Volunteer on a lockdown litter pick finds 1,800-year-old Roman coin that he initially thought was a euro
- Chris Lyon, 27, made the discovery when he was out helping clean up the Carr Mill Dam in St Helens, Merseyside, with his girlfriend Chelsea Marsden
- Chris first asked his grandparents about the coin before taking to social media
- Coin can fetch up to £45 at auction but Chris has no plans to sell at the moment
A man found a 1,800-year-old Roman coin on the ground in a park while out litter-picking with his girlfriend.
Chris Lyon, 27, discovered the artefact from around AD 241 on July 5 at Carr Mill Dam in St Helens, Merseyside, while clearing rubbish with his girlfriend, Chelsea Marsden, 22.
Initially mistaking the silver coin for a Euro, Chris pocketed it and returned home but, after cleaning the mystery object, he began to believe the eroding coin might be older than he had originally imagined.
And after Chris, a contractor, shared his unusual find on Facebook, history enthusiasts quickly pointed out the coin, worth up to £45, appeared to depict Gordian III – a Roman emperor who ruled England from AD 238 to AD 244.
Chris Lyon, 27, discovered a 1,800-year-old Roman coin while out litter-picking with his girlfriend. He initially thought the coin was a Euro before Facebook informed him otherwise
Chris plans on returning to the spot soon to see if there are any more ancient artefacts
The area of Carr Mill Dam in St Helens where Chris found the 1,800-year-old Roman coin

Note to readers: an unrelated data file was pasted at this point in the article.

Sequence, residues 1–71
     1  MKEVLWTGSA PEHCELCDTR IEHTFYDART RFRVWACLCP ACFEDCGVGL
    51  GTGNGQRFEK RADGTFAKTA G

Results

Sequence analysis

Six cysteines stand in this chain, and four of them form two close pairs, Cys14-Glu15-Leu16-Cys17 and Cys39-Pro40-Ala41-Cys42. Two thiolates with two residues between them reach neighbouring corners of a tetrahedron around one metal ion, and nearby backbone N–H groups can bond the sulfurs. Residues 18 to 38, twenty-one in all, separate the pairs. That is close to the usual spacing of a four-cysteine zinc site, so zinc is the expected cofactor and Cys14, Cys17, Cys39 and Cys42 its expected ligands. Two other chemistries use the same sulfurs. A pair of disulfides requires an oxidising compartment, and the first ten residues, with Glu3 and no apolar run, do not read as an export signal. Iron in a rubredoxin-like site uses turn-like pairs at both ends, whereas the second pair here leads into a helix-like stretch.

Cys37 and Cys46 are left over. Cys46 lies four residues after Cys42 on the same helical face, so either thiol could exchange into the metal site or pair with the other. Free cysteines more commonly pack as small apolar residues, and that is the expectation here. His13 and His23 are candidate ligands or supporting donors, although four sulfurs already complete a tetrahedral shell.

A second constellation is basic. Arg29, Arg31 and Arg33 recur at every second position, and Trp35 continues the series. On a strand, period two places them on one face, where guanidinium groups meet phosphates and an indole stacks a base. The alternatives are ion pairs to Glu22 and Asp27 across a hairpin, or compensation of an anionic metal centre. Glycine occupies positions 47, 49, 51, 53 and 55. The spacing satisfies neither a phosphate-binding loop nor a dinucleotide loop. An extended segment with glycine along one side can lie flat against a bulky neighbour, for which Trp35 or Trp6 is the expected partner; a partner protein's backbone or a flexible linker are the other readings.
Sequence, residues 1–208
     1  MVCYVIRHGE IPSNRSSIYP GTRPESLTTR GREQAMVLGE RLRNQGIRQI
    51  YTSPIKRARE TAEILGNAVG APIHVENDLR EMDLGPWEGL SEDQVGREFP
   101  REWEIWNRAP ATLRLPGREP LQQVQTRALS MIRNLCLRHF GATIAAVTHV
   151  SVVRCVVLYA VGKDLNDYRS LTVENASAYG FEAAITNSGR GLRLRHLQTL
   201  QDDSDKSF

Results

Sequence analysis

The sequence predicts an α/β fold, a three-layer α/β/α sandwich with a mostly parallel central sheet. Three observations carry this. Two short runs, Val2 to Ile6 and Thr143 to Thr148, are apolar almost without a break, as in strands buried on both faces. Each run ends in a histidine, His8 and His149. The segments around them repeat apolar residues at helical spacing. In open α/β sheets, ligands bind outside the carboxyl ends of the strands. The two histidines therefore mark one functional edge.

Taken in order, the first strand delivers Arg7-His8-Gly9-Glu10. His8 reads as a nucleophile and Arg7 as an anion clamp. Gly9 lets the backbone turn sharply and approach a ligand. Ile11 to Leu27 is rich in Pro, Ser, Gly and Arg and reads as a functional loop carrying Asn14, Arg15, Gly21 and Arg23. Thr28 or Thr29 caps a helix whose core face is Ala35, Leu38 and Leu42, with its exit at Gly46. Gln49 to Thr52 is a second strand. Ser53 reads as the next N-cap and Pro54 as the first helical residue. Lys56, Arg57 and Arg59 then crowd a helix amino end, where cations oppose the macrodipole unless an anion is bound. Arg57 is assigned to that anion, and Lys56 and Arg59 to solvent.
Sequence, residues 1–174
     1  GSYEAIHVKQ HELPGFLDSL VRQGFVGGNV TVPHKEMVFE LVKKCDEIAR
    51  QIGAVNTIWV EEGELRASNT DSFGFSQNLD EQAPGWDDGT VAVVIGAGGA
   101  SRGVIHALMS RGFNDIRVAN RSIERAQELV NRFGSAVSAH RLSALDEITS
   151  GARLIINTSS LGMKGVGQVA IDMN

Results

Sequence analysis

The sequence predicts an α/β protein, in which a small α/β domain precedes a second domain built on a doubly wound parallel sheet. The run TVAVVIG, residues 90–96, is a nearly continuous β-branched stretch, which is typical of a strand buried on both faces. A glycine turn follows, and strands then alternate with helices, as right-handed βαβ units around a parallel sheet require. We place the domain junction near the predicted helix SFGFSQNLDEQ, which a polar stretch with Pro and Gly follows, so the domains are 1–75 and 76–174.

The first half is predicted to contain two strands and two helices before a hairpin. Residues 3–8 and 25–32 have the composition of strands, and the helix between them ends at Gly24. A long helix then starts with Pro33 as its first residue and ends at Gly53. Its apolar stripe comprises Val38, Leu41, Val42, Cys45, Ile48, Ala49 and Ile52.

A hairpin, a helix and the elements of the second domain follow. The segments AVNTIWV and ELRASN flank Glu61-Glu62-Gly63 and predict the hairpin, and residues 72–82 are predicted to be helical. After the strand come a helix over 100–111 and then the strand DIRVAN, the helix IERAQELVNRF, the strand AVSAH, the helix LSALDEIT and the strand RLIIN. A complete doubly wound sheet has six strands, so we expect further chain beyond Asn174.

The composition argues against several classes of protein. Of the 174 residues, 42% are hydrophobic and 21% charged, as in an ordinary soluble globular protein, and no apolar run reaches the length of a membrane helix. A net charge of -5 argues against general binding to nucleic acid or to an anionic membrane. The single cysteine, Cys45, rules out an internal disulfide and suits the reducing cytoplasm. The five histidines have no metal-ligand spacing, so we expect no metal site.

Speaking today from his home in St Helens, Chris said: ‘I couldn’t believe what was in front of me.
‘What breaks my mind is that the coin has been sat there for thousands of years and it has just been missed.
‘I thought someone would have dug it up some time ago.
‘It looked like a big 5p and it wasn’t even buried. It was just half in the ground.
‘When I first found it, I thought it might be a Euro or an old peseta from Spain.
‘But I showed it to my grandparents and they said it didn’t look like anything they’d ever seen on their holidays.’
‘If I had known what the coin was when I picked it up, I’d have spent more time having a look around.’
The obverse of the two-thousand-year-old coin portrays the side profile of Gordian III, the Roman Empire’s youngest ever emperor, who was crowned at the tender age of 13 in AD 238.
On the reverse Apollo, the Roman god of music, is depicted seated and holding a branch in his right hand while resting his left elbow on a lyre – a string instrument.
The coin depicts Gordian III, the Roman Empire’s youngest ever emperor who was crowned at the age of 13. On the other side, the Roman god of music Apollo is shown seated with a lyre
Gordian III presided over an empire stretching from the Middle East to England until AD 244 when he was killed in battle at just 19 years old.
The silver coin can fetch around £45 today at auction, but Chris has no plans on cashing in on his extraordinary find and instead plans to keep it as a souvenir or donate it to the Sankey Canal and Restoration Society in Merseyside in recognition of their efforts in cleaning-up the beauty spot.
He said: ‘There’s a lot of fly-tipping around Carr Mill Dam and me and my partner have been trying to help clear it recently.
‘I only spotted it because Chelsea found a 50p in the same area a few weeks ago and we’ve been trying to one up each other ever since.
‘We’re going to go back to the dam soon to see if there’s anything else lying around there
‘If there’s one coin, who’s to say there’s not a lot more from where it came from?’